Between the 9th and early 11th centuries there were a large number of pirate raids on the Ligurian coast – by Vikings, Saracens and Normans among others. The Saracens (who were never seriously interested in colonisation) were eventually expelled/eradicated but some Normans and Vikings stayed. The genetic legacy of this settlement is still noticeable today in the prevalence of blue eyes and blond hair – for details see here.
In parallel with settlement resulting from piracy there is a tradition that the Lusignan family, originating from the Poitou area in Western France, were awarded the fief of Lusignana as a reward for helping to repel Muslim incursions into Provence and elsewhere. This contention, to be found in the official history of the village, is attractive but not supported by contemporary documentation.
One factor in support of a Norman French connection is the survival of Emilian as the local language. Strictly, the term Emilian refers to a collection of local languages which are part of the Gallo-Italic group spoken in the historic region of Emilia. Although commonly referred to as an Italian dialect (even by its speakers), it is not directly related to (or derived from) the Italian language. Indeed, the two languages are not mutually intelligible. Gallo-Italic languages are Western New Latin (they conserve innovative phonetic and syntactic features) as are French, Occitan and Catalan; while Italian is part of Eastern New Latin.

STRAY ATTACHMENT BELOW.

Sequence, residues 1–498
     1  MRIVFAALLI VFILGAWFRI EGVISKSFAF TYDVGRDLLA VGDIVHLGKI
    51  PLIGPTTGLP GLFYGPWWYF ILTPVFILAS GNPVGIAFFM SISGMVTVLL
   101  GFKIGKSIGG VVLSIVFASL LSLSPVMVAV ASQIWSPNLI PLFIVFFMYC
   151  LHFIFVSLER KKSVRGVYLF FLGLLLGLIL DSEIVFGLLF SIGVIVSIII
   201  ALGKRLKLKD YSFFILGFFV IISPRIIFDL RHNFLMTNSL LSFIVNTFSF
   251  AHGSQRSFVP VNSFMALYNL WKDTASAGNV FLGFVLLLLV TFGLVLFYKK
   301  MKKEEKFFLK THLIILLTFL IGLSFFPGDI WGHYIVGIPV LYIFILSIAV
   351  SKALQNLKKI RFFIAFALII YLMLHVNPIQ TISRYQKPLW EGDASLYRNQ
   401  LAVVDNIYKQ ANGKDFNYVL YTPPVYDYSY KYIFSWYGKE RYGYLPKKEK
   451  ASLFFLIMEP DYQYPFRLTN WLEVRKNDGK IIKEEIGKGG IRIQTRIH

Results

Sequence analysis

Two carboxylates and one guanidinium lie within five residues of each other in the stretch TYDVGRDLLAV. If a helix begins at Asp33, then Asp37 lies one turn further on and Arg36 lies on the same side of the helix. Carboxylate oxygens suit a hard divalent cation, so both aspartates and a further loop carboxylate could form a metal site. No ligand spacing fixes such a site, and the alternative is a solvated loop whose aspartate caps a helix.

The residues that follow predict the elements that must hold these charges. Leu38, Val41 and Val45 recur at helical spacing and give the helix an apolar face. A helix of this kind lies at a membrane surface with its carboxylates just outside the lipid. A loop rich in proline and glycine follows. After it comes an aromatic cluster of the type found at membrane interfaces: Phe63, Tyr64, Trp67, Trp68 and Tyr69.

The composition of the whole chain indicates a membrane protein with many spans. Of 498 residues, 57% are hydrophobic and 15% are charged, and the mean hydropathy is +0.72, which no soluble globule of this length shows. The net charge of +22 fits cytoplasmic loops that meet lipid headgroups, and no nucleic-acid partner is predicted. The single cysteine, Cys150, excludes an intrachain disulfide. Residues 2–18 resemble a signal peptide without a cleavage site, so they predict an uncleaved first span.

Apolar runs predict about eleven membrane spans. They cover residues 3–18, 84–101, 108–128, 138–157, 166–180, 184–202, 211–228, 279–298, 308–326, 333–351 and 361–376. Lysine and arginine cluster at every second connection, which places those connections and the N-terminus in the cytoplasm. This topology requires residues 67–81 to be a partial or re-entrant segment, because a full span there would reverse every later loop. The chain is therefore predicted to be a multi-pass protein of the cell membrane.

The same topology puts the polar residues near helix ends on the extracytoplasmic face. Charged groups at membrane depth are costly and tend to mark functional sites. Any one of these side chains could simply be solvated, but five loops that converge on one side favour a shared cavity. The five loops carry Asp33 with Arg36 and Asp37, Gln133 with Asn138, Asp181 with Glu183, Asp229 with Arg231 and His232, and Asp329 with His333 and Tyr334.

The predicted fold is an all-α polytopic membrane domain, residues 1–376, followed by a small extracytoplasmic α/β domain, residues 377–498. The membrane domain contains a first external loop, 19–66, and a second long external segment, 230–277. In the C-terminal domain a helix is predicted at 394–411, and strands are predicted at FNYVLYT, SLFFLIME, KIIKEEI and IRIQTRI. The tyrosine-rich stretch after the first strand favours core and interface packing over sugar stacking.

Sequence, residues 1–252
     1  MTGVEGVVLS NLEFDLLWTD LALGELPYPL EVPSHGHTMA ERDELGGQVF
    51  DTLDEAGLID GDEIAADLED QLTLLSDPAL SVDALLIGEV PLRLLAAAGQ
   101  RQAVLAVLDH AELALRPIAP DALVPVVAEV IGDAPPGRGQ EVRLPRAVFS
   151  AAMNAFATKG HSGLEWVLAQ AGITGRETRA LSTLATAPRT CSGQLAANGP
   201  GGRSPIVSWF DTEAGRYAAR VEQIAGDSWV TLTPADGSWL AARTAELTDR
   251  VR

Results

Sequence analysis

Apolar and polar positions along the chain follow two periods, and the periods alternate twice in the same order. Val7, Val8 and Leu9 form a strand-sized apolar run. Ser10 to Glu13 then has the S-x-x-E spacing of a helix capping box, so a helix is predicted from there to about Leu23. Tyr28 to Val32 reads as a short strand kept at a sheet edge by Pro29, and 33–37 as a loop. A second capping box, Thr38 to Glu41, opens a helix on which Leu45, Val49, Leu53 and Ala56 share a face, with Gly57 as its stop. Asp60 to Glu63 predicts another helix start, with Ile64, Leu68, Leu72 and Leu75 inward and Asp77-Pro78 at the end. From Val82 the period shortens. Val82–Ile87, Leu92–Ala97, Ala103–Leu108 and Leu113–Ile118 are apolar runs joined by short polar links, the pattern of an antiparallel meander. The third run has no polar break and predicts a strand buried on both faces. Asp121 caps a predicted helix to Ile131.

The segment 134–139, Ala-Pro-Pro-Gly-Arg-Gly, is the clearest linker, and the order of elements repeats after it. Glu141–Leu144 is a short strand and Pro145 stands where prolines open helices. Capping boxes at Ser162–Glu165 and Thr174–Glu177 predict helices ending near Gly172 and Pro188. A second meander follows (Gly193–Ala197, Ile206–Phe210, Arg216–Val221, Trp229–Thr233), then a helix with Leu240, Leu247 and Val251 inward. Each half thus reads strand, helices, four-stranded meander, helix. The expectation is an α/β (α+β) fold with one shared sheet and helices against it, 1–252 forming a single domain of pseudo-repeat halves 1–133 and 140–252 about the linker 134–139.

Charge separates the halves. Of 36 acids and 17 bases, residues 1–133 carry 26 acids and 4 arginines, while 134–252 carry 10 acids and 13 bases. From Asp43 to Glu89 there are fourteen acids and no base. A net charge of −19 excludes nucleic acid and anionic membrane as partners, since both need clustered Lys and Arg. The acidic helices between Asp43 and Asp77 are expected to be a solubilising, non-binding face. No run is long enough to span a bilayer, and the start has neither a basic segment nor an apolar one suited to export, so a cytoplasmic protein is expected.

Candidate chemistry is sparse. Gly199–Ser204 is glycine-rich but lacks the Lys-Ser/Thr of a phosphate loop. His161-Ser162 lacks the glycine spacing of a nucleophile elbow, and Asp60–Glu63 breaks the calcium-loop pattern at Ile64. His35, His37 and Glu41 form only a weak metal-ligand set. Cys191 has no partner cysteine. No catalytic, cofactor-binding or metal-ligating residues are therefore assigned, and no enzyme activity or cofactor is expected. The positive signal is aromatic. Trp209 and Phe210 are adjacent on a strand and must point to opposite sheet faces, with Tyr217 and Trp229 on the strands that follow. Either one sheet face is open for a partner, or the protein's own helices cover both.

Emilian is written using a Latin script that has never been standardised. As a result, spelling varies widely across the dialects which were largely oral and rarely written down until the late 20th century.